Swords and Deviltry

Finished reading Swords and Deviltry by Fritz Leiber.

I’ve been peripherally aware of the Fafhrd and the Gray Mouser stories for well over a decade now, which complicates diving into them a bit. When I have the option I prefer to know as little as possible before I open a book.

Sidetrack! There are exceptions, though. Eg. Sean McMullen’s Greatwinter books do benefit from a tiny reading guide. What you need to know is this: (1) librarians rule the world (2) librarians fight duels with muskets (3) it’s science fiction. Not 100% accurate, but helps you approach it from the right angle. They’re great. Go read them.

Anyways. Swords and Deviltry. I was a bit worried that I might be coming at it with preconceptions, but things turned out well.

Anti-heroes, sort of, but not really – certainly nothing that would compare with Fraser’s Flashman. Nicely off-kilter stereotypes: a barbarian who is enamoured with civilization. A clever little thief who’s a formidable swordsman and has more than his share of blind spots. Moral ambiguity that just IS, rather than going “OH LOOK! MORAL AMBIGUITY!” and wallowing in it. While it very much riffs off on earlier pulp and fantasy stories, it is clearly its own non-generic thing. I like the way it is willing to be at turns silly, poetic, pulpy, and tragic.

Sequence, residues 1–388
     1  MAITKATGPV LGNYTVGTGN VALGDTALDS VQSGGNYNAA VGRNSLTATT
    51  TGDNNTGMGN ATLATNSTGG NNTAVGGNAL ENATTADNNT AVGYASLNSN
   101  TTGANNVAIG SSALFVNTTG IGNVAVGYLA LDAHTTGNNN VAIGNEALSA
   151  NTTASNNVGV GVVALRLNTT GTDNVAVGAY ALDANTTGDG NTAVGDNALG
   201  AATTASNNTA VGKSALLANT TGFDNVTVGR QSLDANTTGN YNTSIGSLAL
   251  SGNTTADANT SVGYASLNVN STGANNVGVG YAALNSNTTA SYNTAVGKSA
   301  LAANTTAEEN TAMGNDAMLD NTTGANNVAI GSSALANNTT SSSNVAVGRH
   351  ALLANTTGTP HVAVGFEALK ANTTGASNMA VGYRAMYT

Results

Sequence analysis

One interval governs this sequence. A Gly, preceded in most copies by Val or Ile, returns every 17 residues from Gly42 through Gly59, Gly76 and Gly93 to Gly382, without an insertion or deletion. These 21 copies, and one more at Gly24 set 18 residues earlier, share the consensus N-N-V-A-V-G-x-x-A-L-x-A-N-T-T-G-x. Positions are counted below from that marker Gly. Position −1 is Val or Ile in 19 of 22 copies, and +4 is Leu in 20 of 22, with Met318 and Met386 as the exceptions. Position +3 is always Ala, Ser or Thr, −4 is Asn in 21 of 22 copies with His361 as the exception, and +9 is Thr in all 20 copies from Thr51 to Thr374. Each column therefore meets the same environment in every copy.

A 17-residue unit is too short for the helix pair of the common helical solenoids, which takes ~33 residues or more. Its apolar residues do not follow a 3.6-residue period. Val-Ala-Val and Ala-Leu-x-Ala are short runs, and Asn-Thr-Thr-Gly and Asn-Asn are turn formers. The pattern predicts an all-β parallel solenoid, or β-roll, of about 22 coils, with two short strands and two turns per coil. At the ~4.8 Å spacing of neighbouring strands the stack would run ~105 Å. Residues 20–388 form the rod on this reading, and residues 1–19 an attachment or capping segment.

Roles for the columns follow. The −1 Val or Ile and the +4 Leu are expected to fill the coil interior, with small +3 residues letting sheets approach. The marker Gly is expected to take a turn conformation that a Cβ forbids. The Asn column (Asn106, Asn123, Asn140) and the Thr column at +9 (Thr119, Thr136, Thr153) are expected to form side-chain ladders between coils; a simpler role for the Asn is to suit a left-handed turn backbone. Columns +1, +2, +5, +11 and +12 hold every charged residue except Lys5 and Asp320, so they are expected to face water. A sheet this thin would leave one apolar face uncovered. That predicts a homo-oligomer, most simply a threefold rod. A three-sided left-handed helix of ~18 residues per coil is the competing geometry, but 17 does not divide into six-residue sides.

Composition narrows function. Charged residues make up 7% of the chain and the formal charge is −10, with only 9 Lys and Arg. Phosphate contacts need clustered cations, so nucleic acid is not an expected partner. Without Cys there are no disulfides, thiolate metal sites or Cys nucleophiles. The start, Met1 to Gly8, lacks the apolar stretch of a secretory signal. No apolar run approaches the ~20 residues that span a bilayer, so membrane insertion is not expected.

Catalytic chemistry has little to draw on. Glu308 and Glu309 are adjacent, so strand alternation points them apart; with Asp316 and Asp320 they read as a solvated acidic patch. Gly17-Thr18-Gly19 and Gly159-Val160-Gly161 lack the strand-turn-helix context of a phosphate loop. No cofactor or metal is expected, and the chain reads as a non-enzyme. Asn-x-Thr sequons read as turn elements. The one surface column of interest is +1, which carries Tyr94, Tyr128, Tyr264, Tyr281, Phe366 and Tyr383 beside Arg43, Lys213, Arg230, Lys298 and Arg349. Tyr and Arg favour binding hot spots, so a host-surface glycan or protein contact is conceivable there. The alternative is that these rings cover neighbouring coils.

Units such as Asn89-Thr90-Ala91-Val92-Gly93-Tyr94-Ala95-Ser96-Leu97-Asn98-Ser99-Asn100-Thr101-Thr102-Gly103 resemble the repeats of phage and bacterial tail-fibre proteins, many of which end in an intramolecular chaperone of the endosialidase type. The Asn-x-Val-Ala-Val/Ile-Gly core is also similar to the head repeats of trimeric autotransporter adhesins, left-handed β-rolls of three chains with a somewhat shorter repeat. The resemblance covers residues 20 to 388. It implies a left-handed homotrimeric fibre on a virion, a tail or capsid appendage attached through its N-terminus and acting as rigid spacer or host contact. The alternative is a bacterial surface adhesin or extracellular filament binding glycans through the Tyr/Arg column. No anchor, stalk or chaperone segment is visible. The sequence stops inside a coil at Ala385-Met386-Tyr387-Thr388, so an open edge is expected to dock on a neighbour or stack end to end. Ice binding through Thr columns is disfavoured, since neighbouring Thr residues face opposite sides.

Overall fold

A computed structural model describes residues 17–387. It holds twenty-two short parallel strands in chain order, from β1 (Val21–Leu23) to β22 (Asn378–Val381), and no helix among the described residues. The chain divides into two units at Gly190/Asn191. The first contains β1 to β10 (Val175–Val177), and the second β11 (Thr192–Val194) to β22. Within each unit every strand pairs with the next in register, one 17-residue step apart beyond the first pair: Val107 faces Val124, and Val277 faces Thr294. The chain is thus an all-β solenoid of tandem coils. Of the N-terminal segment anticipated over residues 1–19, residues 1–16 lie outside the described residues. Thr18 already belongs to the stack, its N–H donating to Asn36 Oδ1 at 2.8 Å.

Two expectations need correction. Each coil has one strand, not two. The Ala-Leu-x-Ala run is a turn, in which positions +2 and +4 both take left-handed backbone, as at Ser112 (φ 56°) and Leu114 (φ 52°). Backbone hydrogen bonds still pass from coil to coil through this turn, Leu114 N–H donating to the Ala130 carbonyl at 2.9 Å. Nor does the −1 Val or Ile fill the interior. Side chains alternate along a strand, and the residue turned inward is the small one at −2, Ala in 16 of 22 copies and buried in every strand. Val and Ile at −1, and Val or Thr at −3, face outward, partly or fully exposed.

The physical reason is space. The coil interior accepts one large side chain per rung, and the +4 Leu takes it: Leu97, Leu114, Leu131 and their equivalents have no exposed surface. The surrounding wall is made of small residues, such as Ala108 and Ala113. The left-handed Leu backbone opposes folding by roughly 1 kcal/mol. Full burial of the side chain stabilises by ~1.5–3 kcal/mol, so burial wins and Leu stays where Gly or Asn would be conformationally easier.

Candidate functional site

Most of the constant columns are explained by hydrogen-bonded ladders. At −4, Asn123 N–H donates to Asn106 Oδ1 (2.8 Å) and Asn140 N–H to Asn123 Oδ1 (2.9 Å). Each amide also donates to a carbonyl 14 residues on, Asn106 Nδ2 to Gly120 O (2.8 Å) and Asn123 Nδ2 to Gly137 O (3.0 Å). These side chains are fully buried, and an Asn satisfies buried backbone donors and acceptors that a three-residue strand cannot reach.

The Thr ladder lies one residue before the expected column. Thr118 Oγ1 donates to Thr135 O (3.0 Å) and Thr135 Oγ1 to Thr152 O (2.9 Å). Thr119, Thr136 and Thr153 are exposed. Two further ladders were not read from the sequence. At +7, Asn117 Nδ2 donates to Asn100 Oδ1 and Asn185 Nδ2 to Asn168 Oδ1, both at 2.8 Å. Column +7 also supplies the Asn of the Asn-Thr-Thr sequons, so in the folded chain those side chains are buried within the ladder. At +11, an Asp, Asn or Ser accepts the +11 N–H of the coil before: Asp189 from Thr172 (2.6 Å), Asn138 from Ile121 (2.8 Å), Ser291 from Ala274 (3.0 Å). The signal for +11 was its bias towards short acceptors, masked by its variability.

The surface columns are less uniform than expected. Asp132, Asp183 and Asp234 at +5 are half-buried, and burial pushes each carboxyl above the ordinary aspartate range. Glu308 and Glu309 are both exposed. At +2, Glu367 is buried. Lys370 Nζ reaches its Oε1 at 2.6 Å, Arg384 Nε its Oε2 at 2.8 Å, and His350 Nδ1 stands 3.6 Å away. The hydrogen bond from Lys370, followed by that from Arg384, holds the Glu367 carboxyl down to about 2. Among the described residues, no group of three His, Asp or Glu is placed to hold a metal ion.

…but what’s best, the length was just right. It’s technically a short story collection, but reads more like a novella. I’m more and more convinced that what SF needs is resurgence of novellas: the form is long enough to develop a theme more fully than a short story, but still short enough to force a sharper focus. With very few exceptions I would rather a collection of half dozen novellas than a 1000-pager written as single brick.

Two thumbs up. Required reading, marvelous stuff. If you’ve like me managed to skip Leiber, do yourself a favor and dig in.

Next up:

Swords Against Death … by Fritz Leiber, who else? ;)